April 21 marks the birthday of a guy who’s arguably the nation’s most famous tree hugger.
John Muir was a sheepherder, storyteller, fruit rancher, citizen scientist, tinkerer, philosopher, conservationist, and first-class wanderer.
He first saw what later became Yosemite National Park at age 29 or 30 in 1868 and, since then, the two have been inseparable. Muir fought for, and secured, Yosemite’s protection and agitated for the protection of other lands now part of the national park system.
The passion with which Muir experienced landscapes is still palpable, even these many years later. He described his initial look from above Yosemite Valley this way: “My first view of the High Sierra, first view looking down into Yosemite, the death song of Yosemite Creek, and its flight over the vast cliff, each one of these is of itself enough for a great life-long landscape fortune–a most memorable of days–enjoyment enough to kill if that were possible.”
Muir is remembered by most as a wise, avuncular figure with a long white beard and a poetic way of describing his environs. But I like to hold him in my mind’s eye as that adventurous young man, exploring wherever his legs could carry him, and expressing his sheer astonishment at what he saw and what it meant. Of those early days Muir later wrote that he’d had a “soul hunger.” He said, “I began to doubt whether I was fully born…I was on the world. But was I in it?”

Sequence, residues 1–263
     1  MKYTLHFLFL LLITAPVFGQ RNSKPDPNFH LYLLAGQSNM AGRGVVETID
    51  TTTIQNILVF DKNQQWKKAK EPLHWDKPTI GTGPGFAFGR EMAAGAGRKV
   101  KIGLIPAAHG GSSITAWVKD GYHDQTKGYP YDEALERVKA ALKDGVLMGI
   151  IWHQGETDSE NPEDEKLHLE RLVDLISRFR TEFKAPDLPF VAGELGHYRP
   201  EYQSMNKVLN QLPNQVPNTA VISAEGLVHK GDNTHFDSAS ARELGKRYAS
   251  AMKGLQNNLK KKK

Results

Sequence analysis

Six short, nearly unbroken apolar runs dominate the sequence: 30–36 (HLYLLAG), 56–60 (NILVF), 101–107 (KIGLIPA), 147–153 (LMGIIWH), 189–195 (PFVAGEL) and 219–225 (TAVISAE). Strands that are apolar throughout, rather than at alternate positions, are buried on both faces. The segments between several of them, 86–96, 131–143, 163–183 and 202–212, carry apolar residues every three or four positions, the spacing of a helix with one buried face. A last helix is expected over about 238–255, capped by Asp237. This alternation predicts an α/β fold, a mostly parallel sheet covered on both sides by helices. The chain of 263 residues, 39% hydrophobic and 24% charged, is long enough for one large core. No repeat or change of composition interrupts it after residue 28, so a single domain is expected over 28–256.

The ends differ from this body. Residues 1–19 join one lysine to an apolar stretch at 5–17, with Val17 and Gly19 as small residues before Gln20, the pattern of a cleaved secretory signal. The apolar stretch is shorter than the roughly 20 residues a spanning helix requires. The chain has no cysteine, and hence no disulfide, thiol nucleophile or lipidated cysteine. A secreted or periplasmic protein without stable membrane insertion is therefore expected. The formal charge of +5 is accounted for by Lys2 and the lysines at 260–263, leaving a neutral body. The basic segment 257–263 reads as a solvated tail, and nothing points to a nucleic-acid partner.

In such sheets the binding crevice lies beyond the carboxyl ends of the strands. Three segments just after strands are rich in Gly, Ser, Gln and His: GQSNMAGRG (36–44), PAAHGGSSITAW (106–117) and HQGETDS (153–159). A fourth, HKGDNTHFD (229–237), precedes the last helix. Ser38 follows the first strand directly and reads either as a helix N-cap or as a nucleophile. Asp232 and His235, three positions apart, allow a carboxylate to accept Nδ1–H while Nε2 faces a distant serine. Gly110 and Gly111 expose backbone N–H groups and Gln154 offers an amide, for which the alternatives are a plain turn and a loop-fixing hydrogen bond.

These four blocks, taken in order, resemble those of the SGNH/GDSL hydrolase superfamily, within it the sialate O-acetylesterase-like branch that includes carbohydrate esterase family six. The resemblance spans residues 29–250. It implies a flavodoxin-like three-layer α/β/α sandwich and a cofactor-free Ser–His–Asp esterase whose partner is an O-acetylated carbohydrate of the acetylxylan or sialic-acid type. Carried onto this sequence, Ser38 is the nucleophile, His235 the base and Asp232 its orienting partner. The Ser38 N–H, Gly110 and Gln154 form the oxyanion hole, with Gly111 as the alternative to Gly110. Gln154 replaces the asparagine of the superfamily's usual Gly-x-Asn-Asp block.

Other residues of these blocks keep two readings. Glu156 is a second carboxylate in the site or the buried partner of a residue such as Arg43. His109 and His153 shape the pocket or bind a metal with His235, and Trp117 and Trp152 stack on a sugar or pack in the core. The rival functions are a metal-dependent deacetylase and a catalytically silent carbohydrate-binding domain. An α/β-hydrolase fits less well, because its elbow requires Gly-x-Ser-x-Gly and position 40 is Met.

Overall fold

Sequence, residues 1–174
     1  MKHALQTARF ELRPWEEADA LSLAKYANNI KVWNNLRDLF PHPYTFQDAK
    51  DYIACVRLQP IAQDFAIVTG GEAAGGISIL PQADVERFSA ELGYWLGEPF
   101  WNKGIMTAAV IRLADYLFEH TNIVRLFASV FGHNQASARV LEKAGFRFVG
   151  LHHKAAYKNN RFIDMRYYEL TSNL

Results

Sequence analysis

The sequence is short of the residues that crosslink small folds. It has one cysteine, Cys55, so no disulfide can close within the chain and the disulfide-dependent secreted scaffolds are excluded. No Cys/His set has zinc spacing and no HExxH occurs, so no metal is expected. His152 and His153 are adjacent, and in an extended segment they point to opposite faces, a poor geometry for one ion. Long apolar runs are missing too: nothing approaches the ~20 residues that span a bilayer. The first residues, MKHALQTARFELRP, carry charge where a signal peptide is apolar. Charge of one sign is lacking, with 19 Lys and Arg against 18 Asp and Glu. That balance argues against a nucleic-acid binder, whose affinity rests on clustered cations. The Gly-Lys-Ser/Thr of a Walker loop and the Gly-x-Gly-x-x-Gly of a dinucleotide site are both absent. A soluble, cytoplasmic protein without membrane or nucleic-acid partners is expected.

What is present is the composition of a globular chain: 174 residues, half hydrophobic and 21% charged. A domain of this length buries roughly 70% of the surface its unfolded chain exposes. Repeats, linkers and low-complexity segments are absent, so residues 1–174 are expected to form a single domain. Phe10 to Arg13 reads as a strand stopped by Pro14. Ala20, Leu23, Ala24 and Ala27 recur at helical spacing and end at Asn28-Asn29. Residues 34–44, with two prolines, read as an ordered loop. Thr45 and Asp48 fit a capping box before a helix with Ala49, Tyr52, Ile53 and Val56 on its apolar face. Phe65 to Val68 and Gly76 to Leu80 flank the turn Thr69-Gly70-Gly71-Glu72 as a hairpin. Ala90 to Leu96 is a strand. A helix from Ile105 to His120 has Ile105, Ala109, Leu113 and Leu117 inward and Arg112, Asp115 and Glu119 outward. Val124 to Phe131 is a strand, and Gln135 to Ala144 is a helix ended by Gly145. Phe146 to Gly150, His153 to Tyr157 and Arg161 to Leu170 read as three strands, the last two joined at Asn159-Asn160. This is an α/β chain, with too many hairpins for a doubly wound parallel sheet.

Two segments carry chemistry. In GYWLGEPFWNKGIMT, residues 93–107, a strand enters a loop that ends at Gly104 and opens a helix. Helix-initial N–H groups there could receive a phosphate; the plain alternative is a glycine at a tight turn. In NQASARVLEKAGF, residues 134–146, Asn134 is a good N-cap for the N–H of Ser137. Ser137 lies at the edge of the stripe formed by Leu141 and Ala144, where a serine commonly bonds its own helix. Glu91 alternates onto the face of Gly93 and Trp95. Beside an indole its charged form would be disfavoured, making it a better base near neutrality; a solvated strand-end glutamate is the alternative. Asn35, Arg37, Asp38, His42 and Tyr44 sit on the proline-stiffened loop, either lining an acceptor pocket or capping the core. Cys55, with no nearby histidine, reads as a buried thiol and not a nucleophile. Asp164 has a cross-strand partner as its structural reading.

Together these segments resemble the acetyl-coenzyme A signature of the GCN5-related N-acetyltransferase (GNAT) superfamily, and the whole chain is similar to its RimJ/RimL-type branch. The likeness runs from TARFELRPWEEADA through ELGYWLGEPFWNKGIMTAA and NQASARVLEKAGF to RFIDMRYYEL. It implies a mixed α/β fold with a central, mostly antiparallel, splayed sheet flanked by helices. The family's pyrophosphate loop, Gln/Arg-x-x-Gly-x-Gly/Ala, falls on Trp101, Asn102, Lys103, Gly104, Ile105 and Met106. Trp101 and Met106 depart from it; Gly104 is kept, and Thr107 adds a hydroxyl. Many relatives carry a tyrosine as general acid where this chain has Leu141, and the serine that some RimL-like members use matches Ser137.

Thanks to him, and many others, we too can experience utter awe in the places they devoted much of their lives to protecting.
Learn more about him at John Muir National Historical Site.
Learn more about Muir and other conservation titans in Prophets and Moguls, Rangers and Rogues, Bison and Bears: 100 Years of the National Park Service.